The Ivory Coast ranks 171st out of 188 countries by the United Nations in the Human Development Index, making it one of the poorest countries in the world. Since 1960, it has been beset by a series of dictatorships and civil wars. Therefore, its citizens have very little access to adequate health care, making avoidable blindness a major problem in the country, with approximately 16,000 new cases every year. Additionally, the country saw a resurgence of onchocerciasis, or river blindness, in 2008. This launched an initiative by the World Health Organization called the Expanded Special Project for Elimination of Neglected Tropical Diseases. The program is currently on track to completely eradicate the disease from the West African nation.
The International Agency for the Prevention of Blindness identified the two leading barriers to getting eye treatment in Côte d’Ivoire as a lack of accessibility to services, and a lack of knowledge from its citizens that treatment was available. By increasing access and education to eye care services and sight-restoring surgery, SEE aims to greatly reduce the number of blindness cases in the country.
Democratic Republic of Congo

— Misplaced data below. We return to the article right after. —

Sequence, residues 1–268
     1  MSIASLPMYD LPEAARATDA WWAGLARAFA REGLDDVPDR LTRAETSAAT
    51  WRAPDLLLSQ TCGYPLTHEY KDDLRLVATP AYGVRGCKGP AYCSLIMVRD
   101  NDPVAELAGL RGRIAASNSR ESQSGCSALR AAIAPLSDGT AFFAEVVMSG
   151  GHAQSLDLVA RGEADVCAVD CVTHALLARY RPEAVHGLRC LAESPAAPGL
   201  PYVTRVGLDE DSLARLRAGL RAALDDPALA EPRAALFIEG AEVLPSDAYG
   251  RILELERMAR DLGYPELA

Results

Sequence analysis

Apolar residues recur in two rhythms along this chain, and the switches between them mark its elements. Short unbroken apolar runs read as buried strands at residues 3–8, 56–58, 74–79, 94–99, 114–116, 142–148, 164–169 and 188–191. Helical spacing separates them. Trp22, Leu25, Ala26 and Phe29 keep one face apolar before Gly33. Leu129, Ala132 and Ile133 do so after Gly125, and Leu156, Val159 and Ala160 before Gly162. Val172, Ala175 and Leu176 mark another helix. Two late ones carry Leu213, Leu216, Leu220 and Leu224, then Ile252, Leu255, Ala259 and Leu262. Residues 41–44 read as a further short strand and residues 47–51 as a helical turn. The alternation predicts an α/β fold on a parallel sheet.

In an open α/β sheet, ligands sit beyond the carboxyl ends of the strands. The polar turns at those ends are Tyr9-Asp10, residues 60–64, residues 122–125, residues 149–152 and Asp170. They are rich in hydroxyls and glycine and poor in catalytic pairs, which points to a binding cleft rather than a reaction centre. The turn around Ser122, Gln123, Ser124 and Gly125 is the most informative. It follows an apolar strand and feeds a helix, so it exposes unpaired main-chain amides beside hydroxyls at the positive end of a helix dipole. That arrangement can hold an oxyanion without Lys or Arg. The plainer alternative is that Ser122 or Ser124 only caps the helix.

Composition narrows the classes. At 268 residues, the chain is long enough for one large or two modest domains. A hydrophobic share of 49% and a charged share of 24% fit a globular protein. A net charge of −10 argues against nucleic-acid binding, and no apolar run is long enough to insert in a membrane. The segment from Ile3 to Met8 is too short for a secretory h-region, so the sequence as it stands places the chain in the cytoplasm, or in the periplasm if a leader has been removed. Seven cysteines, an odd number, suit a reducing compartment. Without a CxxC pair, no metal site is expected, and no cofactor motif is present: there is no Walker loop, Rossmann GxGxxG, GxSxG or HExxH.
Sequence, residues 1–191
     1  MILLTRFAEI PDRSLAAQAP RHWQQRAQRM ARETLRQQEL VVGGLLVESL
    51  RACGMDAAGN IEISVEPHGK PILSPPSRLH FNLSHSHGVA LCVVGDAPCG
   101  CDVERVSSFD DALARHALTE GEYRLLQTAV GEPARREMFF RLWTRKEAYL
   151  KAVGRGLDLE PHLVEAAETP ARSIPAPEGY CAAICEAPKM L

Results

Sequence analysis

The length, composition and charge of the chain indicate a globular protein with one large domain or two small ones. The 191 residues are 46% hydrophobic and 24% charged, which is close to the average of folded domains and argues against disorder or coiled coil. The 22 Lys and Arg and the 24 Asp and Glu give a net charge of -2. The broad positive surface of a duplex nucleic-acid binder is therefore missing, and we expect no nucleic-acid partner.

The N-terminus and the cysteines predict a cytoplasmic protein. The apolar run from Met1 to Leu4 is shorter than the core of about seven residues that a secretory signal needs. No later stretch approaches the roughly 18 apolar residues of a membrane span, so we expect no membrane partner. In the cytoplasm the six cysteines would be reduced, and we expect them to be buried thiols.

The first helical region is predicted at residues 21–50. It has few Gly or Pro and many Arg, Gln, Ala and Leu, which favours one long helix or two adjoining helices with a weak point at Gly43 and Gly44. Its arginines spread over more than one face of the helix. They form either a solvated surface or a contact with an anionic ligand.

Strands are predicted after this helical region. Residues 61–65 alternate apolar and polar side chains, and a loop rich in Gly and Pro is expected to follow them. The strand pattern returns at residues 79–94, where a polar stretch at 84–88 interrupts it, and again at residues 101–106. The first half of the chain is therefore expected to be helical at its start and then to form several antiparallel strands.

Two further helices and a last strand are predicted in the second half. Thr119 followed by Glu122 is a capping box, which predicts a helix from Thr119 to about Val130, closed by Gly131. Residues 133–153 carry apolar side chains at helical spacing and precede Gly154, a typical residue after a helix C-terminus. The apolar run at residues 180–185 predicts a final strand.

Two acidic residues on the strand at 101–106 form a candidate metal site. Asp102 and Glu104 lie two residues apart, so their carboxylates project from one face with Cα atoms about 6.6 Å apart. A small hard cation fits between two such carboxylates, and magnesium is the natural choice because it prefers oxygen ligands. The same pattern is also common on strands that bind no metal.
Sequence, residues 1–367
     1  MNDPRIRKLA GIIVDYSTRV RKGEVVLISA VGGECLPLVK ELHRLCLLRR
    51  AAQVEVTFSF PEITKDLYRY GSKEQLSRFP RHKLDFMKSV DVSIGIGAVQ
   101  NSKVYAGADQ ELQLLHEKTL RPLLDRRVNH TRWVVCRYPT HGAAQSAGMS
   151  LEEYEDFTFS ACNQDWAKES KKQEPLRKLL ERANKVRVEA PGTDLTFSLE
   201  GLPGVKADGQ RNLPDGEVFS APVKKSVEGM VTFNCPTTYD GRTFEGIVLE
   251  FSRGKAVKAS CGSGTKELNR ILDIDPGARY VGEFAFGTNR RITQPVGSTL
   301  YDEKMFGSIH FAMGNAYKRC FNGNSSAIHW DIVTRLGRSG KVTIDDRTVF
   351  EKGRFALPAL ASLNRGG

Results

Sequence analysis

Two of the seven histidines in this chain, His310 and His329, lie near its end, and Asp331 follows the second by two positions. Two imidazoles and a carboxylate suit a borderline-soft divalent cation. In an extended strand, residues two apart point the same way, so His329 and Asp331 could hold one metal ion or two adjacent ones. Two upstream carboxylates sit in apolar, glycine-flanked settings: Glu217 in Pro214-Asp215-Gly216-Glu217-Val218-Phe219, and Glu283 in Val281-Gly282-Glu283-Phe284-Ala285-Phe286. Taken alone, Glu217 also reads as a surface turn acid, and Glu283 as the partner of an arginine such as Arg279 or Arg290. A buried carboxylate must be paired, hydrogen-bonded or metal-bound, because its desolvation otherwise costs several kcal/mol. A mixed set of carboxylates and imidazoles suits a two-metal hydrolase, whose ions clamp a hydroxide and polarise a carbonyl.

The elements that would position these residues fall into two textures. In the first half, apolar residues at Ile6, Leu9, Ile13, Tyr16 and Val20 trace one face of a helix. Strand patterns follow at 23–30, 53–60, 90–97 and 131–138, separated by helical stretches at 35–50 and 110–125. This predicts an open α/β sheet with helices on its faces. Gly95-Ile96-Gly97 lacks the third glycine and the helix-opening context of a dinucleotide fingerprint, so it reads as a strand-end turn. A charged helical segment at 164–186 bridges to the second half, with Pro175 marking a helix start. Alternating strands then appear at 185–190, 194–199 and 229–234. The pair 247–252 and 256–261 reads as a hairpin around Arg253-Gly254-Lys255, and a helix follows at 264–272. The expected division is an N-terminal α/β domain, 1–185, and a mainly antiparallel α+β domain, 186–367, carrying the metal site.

SEE has been working in the Democratic Republic of the Congo since 2008, primarily in Boma, Diengenga, and Kinshasha (the country’s capital).
In Boma, SEE partners with Joseph Konde, MD, at the Blindness Prevention Program (Prolhavic) at the Boma Eye Clinic. Each year, Dr. Konde screens about 25,000 patients and performs about 700 surgeries using the equipment and medical supplies provided by SEE.
In 2014, SEE began collaborating with Diengenga Hospital and Ohio-based nonprofit Global Ministries, to organize large-scale sight-restoring campaigns every 2 years. In the first year, more than 4,000 people arrived seeking care.
In July 2017, SEE held an 11-day campaign in Diengenga, where in-country partner Roger Kapembu, MD, and visiting SEE surgeon Kris Karlen, MD, provided free sight-restoring surgery to more than 250 people with cataracts.
In June of 2015, a very special SEE program was held in Kinshasha, the capital of the Democratic Republic of Congo. That year, SEE partnered with NBA Hall of Famer Dikembe Mutombo and the Dikembe Mutombo Foundation, to bring our first sight-restoring campaign to the Biamba Marie Mutombo Hospital. SEE’s surgical efforts were led by Helena Ndume, MD, of Windhoek, Namibia, and Scott Hickman of Lawrence, Kansas. On this trip to the Congo, SEE’s volunteer surgeons provided 107 sight-restoring surgeries to blind patients. Their efforts helped lay the groundwork for future expeditions and training so that local eye doctors can provide care in the region year-round. Read more about that campaign here.